Should I file Bankruptcy?
Should I file Bankruptcy? If so which one?
If you are considering bankruptcy as an option, I highly advise you to remove the personal emotions and treat it as if you would a business decision. Interview attorneys and make sound decisions.
Sit down with a pen and a few pieces of paper. List your income as it stands RIGHT NOW at this moment in time. What you take home each and every month. Then list out all your bills, every last one of them you can possibly think of, including what you pay for food, clothing and utilities. Everything you spend money on. If you are among the millions of people who are right now borrowing from Peter to pay Paul, taking cash advances on your credit cards to pay other credit cards, or using credit cards to pay for food, then it is time to seek bankruptcy protection. Most likely a Chapter 7
If you have enough money left over for little things, but are living paycheck to paycheck, then you might consider bankruptcy, most likely a Chapter 13. Alternatives are to seek credit reduction services to reduce your payments to the bank, or directly work with your bank to reduce your payments. Be wary, any payments that are lower than what the bank considers their minimum payment, will be reflected as late on your credit report. Any agreement you get from the bank to reduce your payment arrangements, make sure they put in writing that with these modifications they will be considered a modification to your minimum monthly payment. You can read more credit repair tips by clicking on How do I fix my credit after this is done?
What is a Chapter 7 Bankruptcy filing?
Chapter 7, known as straight bankruptcy, involves liquidating all assets that are not exempt. Exempt property may include cars, work-related tools and basic household furnishings. Some property may be sold by a court-appointed official – a trustee – or turned over to creditors. Both types of bankruptcy may get rid of unsecured debts and stop foreclosures, repossessions, garnishments, utility shut-offs, and debt collection activities. Both also provide exemptions that allow you to keep certain assets, although exemption amounts vary.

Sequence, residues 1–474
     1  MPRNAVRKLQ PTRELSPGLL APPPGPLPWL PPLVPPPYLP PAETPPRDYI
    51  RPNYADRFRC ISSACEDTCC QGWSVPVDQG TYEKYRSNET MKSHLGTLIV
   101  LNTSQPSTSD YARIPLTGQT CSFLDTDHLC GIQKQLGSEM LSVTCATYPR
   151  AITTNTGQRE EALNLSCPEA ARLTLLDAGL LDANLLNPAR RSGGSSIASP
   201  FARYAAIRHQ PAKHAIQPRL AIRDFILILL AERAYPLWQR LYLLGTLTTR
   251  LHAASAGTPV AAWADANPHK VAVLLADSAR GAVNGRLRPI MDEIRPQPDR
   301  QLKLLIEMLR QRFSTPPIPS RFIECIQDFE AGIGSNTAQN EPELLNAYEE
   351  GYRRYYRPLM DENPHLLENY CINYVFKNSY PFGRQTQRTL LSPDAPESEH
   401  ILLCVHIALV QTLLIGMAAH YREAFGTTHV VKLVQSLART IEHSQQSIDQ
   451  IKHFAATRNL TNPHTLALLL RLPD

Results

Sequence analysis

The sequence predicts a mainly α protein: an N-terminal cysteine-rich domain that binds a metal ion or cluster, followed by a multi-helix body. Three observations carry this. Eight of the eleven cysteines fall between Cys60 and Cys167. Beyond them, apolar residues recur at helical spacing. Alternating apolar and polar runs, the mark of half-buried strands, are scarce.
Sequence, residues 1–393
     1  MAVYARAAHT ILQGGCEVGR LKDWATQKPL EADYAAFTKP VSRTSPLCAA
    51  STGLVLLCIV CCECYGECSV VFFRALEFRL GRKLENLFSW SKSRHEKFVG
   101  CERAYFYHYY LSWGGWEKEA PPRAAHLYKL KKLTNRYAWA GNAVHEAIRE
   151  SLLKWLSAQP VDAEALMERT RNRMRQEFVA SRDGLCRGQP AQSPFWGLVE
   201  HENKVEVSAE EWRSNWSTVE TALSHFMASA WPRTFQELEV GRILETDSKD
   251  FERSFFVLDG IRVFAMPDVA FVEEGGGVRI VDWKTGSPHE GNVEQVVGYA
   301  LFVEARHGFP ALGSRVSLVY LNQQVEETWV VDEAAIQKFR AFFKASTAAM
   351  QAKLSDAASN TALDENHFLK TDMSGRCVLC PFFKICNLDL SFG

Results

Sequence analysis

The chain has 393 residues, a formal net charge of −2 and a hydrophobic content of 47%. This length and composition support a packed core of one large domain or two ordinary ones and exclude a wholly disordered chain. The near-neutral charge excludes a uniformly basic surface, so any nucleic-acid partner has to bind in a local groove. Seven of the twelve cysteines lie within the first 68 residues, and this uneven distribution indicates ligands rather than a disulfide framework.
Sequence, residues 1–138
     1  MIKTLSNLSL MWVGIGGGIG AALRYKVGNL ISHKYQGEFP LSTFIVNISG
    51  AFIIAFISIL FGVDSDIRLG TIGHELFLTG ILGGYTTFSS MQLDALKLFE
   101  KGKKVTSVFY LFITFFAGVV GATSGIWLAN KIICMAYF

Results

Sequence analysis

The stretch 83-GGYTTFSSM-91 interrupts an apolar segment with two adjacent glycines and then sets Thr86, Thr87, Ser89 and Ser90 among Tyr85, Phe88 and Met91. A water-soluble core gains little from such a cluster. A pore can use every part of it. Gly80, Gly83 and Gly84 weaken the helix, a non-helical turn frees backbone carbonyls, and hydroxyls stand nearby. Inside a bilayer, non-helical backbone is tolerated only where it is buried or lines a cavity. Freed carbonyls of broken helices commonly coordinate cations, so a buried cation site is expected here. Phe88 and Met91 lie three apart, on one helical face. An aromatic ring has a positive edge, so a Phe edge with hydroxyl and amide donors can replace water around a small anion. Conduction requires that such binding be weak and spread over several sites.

Personal bankruptcy usually does not erase child support, alimony, fines, taxes, and some student loan obligations. Also, unless you have an acceptable plan to catch up on your debt under Chapter 13, bankruptcy usually does not allow you to keep property when your creditor has an unpaid mortgage or lien on it. See our section on I just need more time to get back on my feet, what do I do?
What is a Chapter 13 Bankruptcy filing?
A Chapter 13 filing may be the preferred method for consumers with assets they don’t want to lose, and willing to retire as much of their debts as possible, but under a less-pressured structure. Some debt balances may be partially discharged, and the filer agrees to a monthly payment to the trustee for distribution to the remaining creditors.
Any bankruptcy is a serious mark against your credit record, but Chapter 13 filings may be perceived as slightly less serious than Chapter 7 filings since you are exhibiting an interest in retiring your debts.
Chapter 13 bankruptcy allows you, if you have a regular income and limited debt, to keep property, such as a mortgaged house or car, that you otherwise might lose. In Chapter 13, the court approves a repayment plan that allows you to pay off a default during a period of 3 to 5 years, rather than surrender any property.
If you have a predatory loan, or a loan that you feel has TIL (Truth in Lending) violations, here is a reality check for you. These figures are from companies who research loans for these violations.
All loans prior to January 1st 2007
90%-99% of all Pay Option ARMs HAVE TIL (Truth In Lending) VIOLATIONS
80%-95% of all negative amortization loans HAVE TIL VIOLATIONS
60%-80% of all 3 year/5 year/7 year Fixed to ARMs HAVE TIL VIOLATIONS
30%-60% of all ARM loans HAVE TIL VIOLATIONS
0-10% of all Fixed loans HAVE TIL VIOLATIONS
Your attorney can determine these damages by doing a loan audit, either internally or through an Attorney Support service. The Judge is the one who will actually calculate these damages once it is presented in court. There have been successful cases where principle reduction has been allowed under certain circumstances.
There are other Bankruptcy filings you will see, like Chapter 11 or Chapter 20. These are more complex bankruptcies, usually for higher dollar values or bankruptcy conversions to other types of bankruptcies. For example, if you have filed a chapter 7 you can later file a chapter 13. This is what is referred to as a Chapter 20. Make sure you talk to several attorneys and choose the one you feel more comfortable with.
http://www.citylegalguide.com/ is a great web site that can guide you to specific bankruptcy information within your state.